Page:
Fried chicken is a powerful force, a thing that people obsess over, and crave all day long. Fortunately for our little restaurant in a far-flung corner of Brooklyn, it’s also a dish people will travel for. At Buttermilk Channel, fried chicken outsells our other entrees three to one.
The world’s eaters, from Seoul to Savannah, are all looking for the same qualities in their fried chicken: a crispy-crunchy crust surrounding juicy, tender meat. This recipe takes a few extra steps to ensure those desired results, and these steps do take some time and forethought, but we think they’re worth it.
First, the chicken takes an overnight bath in buttermilk, which adds its tangy character while altering the meat to allow it to remain juicy. It rests again after it gets its flour coating, an interval that gives the flour and buttermilk time to form a more perfect union. Most importantly, the chicken must be fried twice, first at a lower temperature to cook the meat, and then at a higher temperature, bringing the crust to the desired crunchy, deep golden brown.
For the Cheddar Waffles
- 3 cups all-purpose flour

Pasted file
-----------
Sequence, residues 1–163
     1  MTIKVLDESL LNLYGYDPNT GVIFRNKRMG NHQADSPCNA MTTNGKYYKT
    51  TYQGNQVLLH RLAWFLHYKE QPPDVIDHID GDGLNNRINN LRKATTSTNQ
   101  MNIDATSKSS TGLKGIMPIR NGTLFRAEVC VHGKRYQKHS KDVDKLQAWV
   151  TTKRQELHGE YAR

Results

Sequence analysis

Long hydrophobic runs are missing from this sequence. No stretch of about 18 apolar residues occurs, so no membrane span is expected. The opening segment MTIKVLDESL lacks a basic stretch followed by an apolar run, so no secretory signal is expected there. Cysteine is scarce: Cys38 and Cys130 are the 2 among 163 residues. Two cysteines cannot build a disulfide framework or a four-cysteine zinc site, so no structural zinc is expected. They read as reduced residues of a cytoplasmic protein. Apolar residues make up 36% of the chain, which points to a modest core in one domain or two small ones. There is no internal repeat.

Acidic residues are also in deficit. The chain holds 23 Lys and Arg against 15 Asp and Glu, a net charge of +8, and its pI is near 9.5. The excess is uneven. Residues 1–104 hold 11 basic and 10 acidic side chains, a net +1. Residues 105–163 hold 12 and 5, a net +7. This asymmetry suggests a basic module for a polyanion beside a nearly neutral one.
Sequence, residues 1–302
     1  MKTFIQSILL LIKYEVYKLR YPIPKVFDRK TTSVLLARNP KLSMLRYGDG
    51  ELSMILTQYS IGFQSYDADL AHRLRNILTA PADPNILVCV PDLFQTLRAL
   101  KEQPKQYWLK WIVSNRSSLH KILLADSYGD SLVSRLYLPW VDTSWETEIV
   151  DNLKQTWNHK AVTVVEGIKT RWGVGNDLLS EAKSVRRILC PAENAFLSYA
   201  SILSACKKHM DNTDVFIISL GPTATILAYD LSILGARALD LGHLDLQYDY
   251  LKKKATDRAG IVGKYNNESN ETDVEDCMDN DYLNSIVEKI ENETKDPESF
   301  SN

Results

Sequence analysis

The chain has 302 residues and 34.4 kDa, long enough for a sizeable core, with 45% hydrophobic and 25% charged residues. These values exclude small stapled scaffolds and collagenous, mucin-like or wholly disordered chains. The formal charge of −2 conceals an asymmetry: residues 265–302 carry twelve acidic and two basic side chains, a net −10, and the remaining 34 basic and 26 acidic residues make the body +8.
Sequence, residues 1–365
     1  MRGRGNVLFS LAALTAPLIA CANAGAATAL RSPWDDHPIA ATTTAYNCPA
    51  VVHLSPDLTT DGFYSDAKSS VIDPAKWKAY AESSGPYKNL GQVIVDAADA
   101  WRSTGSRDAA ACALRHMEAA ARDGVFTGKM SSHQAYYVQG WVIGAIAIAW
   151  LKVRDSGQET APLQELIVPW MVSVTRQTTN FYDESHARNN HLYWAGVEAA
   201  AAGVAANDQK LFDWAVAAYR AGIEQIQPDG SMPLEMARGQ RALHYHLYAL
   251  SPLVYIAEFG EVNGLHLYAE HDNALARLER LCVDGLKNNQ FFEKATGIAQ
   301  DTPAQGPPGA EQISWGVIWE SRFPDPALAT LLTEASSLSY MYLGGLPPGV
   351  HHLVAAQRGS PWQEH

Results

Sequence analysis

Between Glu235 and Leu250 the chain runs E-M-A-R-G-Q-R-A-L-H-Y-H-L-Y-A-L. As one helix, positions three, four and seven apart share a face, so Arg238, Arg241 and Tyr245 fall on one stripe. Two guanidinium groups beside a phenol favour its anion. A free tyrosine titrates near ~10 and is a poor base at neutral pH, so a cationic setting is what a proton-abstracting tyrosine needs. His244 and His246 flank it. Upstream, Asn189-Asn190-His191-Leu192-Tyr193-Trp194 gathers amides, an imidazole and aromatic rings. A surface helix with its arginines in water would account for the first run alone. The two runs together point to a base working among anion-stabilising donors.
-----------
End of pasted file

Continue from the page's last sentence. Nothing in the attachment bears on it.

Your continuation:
- 1 cup cornmeal
- 1/4 cup sugar
- 2 tablespoons baking powder
- 3 teaspoons fine sea salt
- 2-1/2 cups buttermilk
- 1 cup whole milk
- 6 large eggs
- 10 tablespoons unsalted butter, melted
- 4 cups shredded cheddar cheese
For the Maple-Vinegar Syrup
- 1 cup balsamic vinegar
- 1 cup maple syrup
For the Fried Chicken
- 2 (2-1/2-to 3-pound) free range chickens
- 4 cups buttermilk
- 7 cups all-purpose flour
- 2 tablespoons fine sea salt, plus more t0 taste
- 2 tablespoons black pepper
- 4 quarts canola oil
- Special Equipment
- Candy or deep-fry thermometer
- Belgian waffle iron
In a mixing bowl, whisk together the flour, cornmeal, sugar, baking powder, and salt. In another bowl, whisk together the buttermilk, milk, and eggs. Pour the wet ingredients into the dry and stir until completely integrated. Stir in the melted butter, then the cheddar. Cook the batter in an electric waffle iron following the manufacturer’s instructions. Hold the waffles in a low oven until it’s time to serve, or make them ahead of time and cool completely, then reheat in the oven or a toaster.
Pour the balsamic vinegar into a saucepan and simmer over medium heat to reduce by half, about 10 minutes. Stir in the maple syrup. Keep warm to serve.
Cut each chicken in half with a sturdy knife or cleaver, discarding the backbones or saving for chicken stock. Separate the breasts from the legs. Cut the breasts in half across the middle, and cut the legs in half to separate the thighs and the drumsticks. Your two chickens should yield 16 pieces total.
Put the chicken pieces in a large container and pour in the buttermilk, tossing so that all the pieces are coated. Cover the container with plastic wrap or a lid and leave the chicken to marinate in the refrigerator for 24 hours.